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Sikhism in England

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Title: Sikhism in England  
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Subject: Jay Sean, Sikhism in the United Kingdom, Sikhism in Scotland, Sikhism in Wales, Outline of England
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Sikhism in England

The arrival of Sikhism in England is relatively recent and at Census 2011 there were 420,196 Sikhs and in excess of 300 gurudwaras in England with the largest communities in London, Bedford, Coventry, Birmingham, Wolverhampton, Bradford, Leeds, Liverpool and Huddersfield.[1][2] Leicester is also important having the largest Sikh community in the East Midlands and the eighth largest Sikh community in England.[3] Leicester is also the home of the Guru Nanak Sikh Museum, the first such museum in the UK.[4] As of 2011, the five English local authorities with the largest percentage of Sikhs are, in descending order, Slough (10.8%), Wolverhampton, Hounslow, Sandwell and Ealing.


Southall, in London, is home to the largest Sikh temple outside India, known as Gurdwara Sri Guru Singh Sabha.[5] It opened in 2003 after almost three years construction and a cost of £17 million.[6] Another large Gurdwara in Gravesend began construction in 2001, and was officially opened in November 2010 .[7] In Sunderland, a former Church of England church has been transformed into a Sikh Gurdwara by the Sunderland Sikh Association.[8]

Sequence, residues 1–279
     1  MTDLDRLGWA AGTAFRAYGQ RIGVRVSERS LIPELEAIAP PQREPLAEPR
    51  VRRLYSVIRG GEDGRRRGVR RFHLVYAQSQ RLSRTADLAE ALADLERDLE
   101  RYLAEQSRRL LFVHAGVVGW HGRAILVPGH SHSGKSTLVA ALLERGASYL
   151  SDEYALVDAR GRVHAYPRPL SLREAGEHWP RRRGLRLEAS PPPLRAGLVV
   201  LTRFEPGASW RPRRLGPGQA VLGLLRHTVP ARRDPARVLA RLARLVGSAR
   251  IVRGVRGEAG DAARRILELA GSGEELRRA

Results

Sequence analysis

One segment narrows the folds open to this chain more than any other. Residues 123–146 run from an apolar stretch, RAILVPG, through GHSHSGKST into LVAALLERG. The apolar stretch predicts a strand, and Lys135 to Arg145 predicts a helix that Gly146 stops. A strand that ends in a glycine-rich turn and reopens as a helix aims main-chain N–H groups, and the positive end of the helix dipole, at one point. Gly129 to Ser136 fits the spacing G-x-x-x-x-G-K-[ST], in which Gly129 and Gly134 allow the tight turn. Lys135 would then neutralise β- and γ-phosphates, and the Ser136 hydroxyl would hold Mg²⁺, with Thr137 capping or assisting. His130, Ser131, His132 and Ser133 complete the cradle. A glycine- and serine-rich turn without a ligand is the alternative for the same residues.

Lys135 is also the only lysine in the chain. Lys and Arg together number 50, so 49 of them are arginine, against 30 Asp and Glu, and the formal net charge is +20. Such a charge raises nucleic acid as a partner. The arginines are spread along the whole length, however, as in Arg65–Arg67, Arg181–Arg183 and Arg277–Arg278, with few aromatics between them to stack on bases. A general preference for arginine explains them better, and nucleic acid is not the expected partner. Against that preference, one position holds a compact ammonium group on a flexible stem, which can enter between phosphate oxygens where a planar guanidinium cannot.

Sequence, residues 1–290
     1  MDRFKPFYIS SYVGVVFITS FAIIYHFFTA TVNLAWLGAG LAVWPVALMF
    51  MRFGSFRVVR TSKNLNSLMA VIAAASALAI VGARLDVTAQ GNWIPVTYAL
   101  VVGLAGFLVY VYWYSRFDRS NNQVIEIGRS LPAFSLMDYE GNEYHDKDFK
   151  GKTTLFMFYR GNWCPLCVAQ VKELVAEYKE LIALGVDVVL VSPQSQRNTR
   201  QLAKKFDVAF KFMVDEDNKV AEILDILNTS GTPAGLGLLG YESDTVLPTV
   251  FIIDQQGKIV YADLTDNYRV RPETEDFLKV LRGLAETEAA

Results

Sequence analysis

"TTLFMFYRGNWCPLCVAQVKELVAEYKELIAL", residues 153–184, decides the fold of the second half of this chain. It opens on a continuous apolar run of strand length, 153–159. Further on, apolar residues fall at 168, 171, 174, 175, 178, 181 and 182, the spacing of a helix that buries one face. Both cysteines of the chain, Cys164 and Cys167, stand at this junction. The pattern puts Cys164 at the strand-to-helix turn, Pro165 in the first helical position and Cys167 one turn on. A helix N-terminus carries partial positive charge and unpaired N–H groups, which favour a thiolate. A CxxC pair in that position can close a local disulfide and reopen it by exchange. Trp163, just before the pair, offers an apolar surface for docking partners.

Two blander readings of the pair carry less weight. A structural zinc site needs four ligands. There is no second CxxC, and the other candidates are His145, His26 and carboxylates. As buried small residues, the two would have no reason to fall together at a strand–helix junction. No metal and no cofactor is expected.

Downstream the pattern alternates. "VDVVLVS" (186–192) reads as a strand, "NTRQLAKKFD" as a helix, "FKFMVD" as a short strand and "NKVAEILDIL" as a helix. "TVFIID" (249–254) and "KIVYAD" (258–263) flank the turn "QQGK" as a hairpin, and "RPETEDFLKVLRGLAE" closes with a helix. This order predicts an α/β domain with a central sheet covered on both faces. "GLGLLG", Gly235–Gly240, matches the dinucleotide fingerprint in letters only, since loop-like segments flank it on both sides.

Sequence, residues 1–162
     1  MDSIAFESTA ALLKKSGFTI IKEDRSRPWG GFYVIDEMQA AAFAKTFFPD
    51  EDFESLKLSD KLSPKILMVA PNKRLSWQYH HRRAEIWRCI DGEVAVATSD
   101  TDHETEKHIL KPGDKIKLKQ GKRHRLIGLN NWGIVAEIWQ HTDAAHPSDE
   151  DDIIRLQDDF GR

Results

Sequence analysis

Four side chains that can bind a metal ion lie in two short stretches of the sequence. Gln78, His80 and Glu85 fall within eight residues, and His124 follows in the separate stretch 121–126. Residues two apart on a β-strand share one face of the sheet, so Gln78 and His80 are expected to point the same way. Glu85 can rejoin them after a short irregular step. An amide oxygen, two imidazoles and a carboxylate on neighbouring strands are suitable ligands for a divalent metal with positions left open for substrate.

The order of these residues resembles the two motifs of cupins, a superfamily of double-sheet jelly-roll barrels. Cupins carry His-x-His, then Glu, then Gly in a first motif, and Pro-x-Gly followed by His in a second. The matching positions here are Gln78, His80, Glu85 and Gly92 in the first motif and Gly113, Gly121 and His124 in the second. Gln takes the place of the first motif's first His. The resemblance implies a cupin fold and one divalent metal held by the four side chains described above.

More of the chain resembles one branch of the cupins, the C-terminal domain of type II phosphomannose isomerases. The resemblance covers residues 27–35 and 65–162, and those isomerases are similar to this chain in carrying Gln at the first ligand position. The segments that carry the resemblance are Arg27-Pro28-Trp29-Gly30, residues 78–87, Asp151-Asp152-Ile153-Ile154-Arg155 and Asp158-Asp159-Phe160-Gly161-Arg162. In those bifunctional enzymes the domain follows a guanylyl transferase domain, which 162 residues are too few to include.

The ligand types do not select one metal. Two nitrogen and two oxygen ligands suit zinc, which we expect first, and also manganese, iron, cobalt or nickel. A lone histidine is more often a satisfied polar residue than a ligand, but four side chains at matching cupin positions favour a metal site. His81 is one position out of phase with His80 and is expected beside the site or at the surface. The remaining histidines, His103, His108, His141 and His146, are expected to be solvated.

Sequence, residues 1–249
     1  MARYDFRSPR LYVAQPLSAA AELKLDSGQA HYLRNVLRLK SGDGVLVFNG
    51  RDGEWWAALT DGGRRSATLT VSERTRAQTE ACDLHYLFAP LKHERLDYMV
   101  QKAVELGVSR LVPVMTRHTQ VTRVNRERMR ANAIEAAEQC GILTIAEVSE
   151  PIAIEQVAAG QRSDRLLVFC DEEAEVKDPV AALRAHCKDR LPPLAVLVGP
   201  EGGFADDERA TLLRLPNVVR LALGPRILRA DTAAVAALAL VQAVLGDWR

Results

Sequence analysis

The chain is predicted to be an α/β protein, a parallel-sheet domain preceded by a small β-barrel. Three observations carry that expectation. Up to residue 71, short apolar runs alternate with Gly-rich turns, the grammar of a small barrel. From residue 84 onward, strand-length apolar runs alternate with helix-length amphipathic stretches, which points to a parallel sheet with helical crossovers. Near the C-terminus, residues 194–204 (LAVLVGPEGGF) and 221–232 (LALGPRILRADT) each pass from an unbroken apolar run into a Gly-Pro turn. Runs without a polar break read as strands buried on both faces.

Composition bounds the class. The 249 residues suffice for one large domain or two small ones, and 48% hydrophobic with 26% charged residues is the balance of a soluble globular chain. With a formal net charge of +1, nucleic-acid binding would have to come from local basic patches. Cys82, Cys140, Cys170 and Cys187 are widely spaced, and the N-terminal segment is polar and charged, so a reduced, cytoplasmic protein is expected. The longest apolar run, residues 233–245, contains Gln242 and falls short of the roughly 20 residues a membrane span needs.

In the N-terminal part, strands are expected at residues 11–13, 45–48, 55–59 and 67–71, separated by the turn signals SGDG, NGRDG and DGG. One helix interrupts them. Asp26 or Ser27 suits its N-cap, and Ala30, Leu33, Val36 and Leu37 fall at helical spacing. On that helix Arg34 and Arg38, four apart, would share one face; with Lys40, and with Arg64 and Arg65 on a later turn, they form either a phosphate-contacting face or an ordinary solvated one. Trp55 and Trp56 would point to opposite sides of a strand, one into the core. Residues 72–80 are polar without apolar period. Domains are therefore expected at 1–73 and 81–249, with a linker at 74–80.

Notable English Sikhs

  • Maharaja Duleep Singh - The last Maharaja of the Sikh Kingdom, exiled in 1849 during the British Raj and possibly the first Sikh in England
  • Monty Panesar - England cricketer
  • Sir Mota Singh - British Supreme Court Justice
  • Kulveer Ranger - London Transport Minister, Mayor's Director of Environment and Digital London
  • Gurinder Chadha - film director, born in Nairobi, Kenya, but moved to Southall, West London at a very young age
  • Parminder Nagra - actress born in Leicester
  • Simon Singh - author
  • Jasminder Singh - chairman of the Radisson Edwardian hotel empire[9]
  • Tom Singh - founder of the high street fashion chain New Look[10]
  • Jay Sean- R&B artist
  • Andrew Kooner - Canadian Olympic boxer
  • Akaash Bhatia - British boxer
  • Kash Gill - former kickboxing world champion
  • Harpal Singh - footballer
  • Ravi Bopara - England cricketer
  • Indy Sagu - bhangra and hip hop musician

Sikh-Muslim issues

According to the Daily Mail, in 2007, commissioner of police, Sir Ian Blair stated the police were targeting extremist members of the Muslim community who were allegedly forcing vulnerable girls to convert to Islam in response to claims made by the Hindu Forum,[11] Sheikh Musa Admani, an imam, said Islamic extremist groups may be evading university bans on groups such as Hizb ut Tahrir and Al-Muhajiroun [12]

An academic paper by Katy Sian published in the journal South Asian Popular Culture in 2011 explored the question of how "'forced' conversion narratives" arose around the Sikh diaspora in the United Kingdom.[13] Sian, who reports that claims of conversion through courtship on campuses are widespread in the UK, indicates that rather than relying on actual evidence they primarily rest on the word of "a friend of a friend" or on personal anecdote, without the slightest evidence backed up by scientific findings. According to Sian, the narrative is similar to accusations of "white slavery" lodged against the Jewish community and foreigners to the UK and the US, with the former having ties to anti-semitism that mirror the Islamophobia betrayed by the modern narrative. Sian expanded on these views in 2013's Mistaken Identities, Forced Conversions, and Postcolonial Formations.[14]

See also

Sikhism portal


External links

  • Sikhs in England
  • National Network of British Sikh Professionals
  • Gurdwara Sri Guru Singh Sabha's official website
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